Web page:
TRINIDAD AND TOBAGO may have won its Independence 50 years ago, but it was not until seven years later that a system of conferring national awards was introduced to honour exceptional citizens.
A committee headed by Sir Allan Reece was appointed in 1964 and, based on its report, the first awards were made in 1969.
Other members of the committee were Hugh A Harris, permanent secretary in the Ministry of Home Affairs; Karl Hudson-Phillips, Thomas Gatcliffe, president of the Trinidad Chamber of Commerce; president of the National Trade Union Congress, Balgobin Ramdeen, and AH Huggins, assistant secretary, Ministry of Home Affairs (secretary).
Ramdeen and Hudson-Phillips did not serve on the committee.
Prior to its introduction in 1969, citizens of Trinidad and Tobago were eligible for Commonwealth Awards from the English monarch.
The English awards comprised peerage and baronetage, Privy Councillors and various knighthood orders, decorations and medals in civic and military divisions. The procedure for these awards stipulated that the Prime Minister or Head of the Government would submit recommendations for approval to the monarch.
On becoming an Independent nation, it was felt that Trinidad and Tobago should have its own national awards system. The committee recommended that there should be seven categories and 14 classes of national awards. This was subsequently amended to four categories and ten classes of awards.
The original awards were the Trinity Cross Medal of the Order of Trinity in gold, Chaconia Medal in gold, silver and bronze and the Public Service Medal of Merit in silver and bronze.
The Trinity Cross was the nation's highest award until its replacement in 2008 after a legal challenge.
In 2005, a lawsuit was filed by Sat Maharaj, secretary general of the Sanatan Dharma Maha Sabha, and Inshan Ishmael, president of the Islamic Relief Centre, challenging the constitutionality of the Trinity Cross.
It was argued by senior counsel Fenton Ramsahoye and Anand Ramlogan (now Attorney General) that the State's decision to keep the Trinity Cross, despite knowing that non-Christians were unable and unwilling to accept it because it was perceived to be and/or, in fact, is a Christian symbol, was unfair and discriminatory.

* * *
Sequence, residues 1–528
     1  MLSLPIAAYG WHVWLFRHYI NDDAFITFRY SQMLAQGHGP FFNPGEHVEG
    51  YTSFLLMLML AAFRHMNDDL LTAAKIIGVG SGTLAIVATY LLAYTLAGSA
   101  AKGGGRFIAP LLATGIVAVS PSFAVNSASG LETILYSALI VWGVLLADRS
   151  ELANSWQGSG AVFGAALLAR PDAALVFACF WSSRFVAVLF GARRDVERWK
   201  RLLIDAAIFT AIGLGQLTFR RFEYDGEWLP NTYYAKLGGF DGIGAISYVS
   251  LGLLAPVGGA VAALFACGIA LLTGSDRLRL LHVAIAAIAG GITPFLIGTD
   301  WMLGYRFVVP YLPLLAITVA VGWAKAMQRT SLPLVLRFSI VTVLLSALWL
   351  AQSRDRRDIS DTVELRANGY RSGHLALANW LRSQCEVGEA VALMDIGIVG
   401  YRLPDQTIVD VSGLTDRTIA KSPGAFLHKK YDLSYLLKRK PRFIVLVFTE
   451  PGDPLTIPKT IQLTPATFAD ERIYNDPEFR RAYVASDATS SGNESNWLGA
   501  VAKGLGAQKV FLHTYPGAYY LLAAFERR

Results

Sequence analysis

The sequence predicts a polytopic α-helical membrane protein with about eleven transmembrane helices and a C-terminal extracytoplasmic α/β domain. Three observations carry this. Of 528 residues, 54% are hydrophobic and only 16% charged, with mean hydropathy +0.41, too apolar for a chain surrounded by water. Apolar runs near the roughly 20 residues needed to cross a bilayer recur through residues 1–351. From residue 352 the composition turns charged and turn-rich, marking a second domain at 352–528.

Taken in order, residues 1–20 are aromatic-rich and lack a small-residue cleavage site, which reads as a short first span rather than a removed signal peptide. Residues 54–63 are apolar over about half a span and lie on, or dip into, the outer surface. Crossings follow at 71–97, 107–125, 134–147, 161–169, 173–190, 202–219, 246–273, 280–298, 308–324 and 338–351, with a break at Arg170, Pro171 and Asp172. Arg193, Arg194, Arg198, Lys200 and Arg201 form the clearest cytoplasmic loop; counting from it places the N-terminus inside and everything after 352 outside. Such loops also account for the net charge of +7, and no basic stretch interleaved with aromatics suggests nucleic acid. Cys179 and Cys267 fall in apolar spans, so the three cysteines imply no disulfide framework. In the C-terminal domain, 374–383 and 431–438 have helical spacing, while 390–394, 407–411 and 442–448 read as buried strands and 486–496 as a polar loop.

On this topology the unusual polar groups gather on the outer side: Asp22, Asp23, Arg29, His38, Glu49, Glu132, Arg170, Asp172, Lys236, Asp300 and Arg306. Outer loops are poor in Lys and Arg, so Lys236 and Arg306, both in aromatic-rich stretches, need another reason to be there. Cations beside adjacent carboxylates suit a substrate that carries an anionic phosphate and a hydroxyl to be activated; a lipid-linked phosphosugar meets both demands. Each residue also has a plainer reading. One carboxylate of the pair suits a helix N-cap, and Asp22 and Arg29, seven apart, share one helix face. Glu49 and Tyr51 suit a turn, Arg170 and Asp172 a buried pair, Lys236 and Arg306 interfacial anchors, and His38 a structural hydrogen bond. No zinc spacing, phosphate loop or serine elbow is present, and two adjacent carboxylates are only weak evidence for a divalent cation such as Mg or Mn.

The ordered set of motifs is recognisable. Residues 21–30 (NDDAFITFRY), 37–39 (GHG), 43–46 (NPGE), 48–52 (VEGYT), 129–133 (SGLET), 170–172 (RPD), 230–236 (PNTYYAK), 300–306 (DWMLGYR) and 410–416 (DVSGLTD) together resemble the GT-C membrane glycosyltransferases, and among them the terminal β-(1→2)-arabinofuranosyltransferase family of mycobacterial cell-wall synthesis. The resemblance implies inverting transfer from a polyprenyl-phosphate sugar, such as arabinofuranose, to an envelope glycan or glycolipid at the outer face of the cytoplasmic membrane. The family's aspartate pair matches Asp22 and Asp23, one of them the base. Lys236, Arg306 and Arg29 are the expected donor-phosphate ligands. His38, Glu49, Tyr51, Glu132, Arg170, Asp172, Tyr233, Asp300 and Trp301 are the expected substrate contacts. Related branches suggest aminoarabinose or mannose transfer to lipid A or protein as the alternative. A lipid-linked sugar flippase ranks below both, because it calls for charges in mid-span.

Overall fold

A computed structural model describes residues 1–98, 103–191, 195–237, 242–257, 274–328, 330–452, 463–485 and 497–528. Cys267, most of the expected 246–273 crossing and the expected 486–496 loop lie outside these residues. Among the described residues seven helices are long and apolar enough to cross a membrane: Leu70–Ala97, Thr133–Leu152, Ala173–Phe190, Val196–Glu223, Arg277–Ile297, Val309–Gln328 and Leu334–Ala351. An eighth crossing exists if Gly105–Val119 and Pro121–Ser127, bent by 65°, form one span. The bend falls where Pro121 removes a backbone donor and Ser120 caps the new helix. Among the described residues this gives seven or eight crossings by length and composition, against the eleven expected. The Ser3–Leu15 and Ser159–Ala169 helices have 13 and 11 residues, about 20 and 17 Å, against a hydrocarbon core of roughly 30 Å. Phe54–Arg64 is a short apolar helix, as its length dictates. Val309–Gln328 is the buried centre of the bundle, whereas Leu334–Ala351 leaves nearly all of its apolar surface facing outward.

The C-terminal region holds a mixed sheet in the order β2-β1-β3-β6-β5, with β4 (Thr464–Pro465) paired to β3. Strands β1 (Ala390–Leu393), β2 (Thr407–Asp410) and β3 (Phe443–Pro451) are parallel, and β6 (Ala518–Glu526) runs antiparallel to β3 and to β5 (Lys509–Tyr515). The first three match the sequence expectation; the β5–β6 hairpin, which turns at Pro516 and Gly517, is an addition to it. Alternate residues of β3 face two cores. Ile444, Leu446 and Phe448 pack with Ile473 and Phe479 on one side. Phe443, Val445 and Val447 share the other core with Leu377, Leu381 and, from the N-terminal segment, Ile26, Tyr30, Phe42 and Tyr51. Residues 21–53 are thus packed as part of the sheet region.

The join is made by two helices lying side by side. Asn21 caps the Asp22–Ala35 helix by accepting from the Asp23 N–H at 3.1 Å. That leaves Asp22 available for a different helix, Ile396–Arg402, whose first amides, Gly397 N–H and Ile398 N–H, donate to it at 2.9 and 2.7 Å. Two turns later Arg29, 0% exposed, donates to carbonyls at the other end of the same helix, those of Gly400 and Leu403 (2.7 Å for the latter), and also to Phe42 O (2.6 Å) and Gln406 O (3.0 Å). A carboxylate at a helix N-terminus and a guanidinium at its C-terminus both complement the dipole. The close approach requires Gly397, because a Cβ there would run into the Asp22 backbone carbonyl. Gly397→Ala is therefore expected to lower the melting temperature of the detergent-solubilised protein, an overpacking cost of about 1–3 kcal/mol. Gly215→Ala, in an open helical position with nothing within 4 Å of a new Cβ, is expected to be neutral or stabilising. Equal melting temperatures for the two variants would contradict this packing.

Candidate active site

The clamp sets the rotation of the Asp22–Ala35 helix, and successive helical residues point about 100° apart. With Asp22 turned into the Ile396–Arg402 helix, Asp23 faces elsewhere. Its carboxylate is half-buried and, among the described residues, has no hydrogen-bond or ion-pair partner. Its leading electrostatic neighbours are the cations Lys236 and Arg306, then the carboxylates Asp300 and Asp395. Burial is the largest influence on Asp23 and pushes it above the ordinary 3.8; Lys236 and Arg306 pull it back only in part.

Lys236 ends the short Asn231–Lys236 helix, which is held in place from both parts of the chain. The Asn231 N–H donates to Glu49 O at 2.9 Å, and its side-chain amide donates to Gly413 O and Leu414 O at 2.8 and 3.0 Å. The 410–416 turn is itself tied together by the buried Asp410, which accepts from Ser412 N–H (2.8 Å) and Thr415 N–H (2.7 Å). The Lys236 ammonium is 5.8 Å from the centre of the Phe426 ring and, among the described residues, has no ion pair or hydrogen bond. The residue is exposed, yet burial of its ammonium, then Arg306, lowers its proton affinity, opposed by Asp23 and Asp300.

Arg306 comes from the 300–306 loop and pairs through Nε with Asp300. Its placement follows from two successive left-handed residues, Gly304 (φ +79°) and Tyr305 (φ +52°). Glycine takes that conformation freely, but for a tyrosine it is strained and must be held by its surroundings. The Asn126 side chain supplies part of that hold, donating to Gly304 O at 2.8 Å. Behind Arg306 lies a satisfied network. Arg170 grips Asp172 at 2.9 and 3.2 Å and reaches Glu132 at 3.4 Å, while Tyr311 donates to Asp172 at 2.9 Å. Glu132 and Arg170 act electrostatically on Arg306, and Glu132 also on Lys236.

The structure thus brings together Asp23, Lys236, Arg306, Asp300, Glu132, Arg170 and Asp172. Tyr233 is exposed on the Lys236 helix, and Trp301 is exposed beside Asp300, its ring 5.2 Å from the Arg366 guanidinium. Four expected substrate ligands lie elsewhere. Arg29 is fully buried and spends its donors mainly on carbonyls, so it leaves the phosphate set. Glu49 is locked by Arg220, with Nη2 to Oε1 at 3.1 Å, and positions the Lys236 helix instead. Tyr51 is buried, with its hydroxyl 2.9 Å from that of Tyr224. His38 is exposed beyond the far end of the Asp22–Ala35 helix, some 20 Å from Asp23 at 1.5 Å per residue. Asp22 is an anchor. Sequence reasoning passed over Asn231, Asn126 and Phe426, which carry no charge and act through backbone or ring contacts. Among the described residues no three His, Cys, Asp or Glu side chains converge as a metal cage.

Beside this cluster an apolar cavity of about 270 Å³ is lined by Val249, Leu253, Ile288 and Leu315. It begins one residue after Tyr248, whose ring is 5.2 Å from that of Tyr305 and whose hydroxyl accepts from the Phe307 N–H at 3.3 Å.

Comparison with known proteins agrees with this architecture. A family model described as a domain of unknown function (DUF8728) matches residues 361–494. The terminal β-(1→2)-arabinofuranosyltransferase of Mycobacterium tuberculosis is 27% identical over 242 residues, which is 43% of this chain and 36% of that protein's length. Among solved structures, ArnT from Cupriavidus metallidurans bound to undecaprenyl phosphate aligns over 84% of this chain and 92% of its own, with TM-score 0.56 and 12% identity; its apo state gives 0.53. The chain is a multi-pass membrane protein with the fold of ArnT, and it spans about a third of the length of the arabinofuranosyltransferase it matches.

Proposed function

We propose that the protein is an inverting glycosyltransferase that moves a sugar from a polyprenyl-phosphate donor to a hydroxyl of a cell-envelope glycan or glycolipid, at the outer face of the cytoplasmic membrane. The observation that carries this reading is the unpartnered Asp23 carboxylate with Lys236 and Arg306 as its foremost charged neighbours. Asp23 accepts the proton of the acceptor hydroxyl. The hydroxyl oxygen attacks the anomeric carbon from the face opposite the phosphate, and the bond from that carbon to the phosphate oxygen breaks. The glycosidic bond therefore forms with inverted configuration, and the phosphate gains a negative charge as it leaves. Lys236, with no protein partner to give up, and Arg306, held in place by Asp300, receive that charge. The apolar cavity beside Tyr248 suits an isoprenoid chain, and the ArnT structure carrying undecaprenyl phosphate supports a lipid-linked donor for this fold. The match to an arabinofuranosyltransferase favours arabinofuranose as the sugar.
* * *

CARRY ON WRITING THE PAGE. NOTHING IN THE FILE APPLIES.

In May 2006, the Trinity Cross was ruled to be discriminatory, and referred to Parliament for change. It led to the establishment of a new highest award, the Order of the Republic of Trinidad and Tobago, which was first presented in 2008.
Between 1969 and 1994, a total of 50 people in Trinidad and Tobago had received the Trinity Cross, the nation's highest award given to citizens for outstanding and distinguished service to the country.
Of the 50 citizens who had received the award, three were non-Christians and one an atheist.
Members of the Order of the Republic of Trinidad and Tobago are entitled to place the letter ORTT after their names, likewise those of the Order of the Trinity Cross, TC.
According to the Trinidad and Tobago Constitution as it related then to the Trinity Cross, it states, "A person ceases to be a member of the order upon death, resignation or revocation of the award by the President. It may be awarded posthumously, but a deceased recipient does not become a member of the order."
A senior official of government stated that "although the Trinity Cross has been replaced, those in receipt remain Trinity Cross holders".
The original awards were the Trinity Cross Medal of the Order of Trinity in gold, Chaconia Medal in gold, silver and bronze and, the Public Service Medal of Merit in silver and bronze.
The first recipients of the Trinity Cross awarded in 1969 were:
Solomon Hochoy Governor General
Sir Hugh Wooding retired chief justice
Sir Ellis Clarke Ambassador to the United
States of America
Dr Rudranath Capildeo Scientist
Count Finbar Ryan Retired Roman Catholic
archbishop of Port of Spain
Hochoy had joined the civil service in 1927 as a clerk in the Coastal Steamers Department and progressed steadily in the service until he was appointed Chief Secretary.
He became Governor General in 1960 and served in that post during Independence.
Wooding, a retired chief justice and member of the Privy Council, was a barrister-at-law who was called to the Bar at Middle Temple in 1927.
He was Mayor of Port of Spain (1943-1944), and Chancellor of the University of the West Indies. Wooding was conferred with the title Commander of the British Empire (CBE) in 1963 and made a member of the Privy Council in 1967.
Clarke, the first President in the Republic of Trinidad and Tobago, was one of the main architects of the 1962 Constitution. During his career in the public service, he held the positions of Deputy Colonial Secretary, Attorney General and, after Independence, he served as Ambassador to the United States of America, Canada, Mexico and permanent representative to the United Nations.
He attended St Mary's College and University of London and was called to the Bar at Gray's Inn, before returning to Trinidad in 1941 to take up private practice. He died on December 30, 2010.
Capildeo, a scholar, scientist, mathematician and politician, was leader of the Democratic Labour Party (1961-1963). He was also a faculty member of the University of London.
Born in Chaguanas, he attended Queen's Royal College, Port of Spain, where he won an Open Island Scholarship in 1938.
He entered politics in the sixties and was a member of the team who attended the Marlborough House Conference in 1962 which brought about the Independence of Trinidad and Tobago.
Ryan, a former archbishop of Trinidad and Tobago, was a native of Cork, Ireland.
Born in 1881, he was ordained a priest in 1905 as a member of the Dominican Order. He was appointed Archbishop in 1940 and served in that post for 26 years.
He was the first religious leader to bless the nation on the attainment of Independence.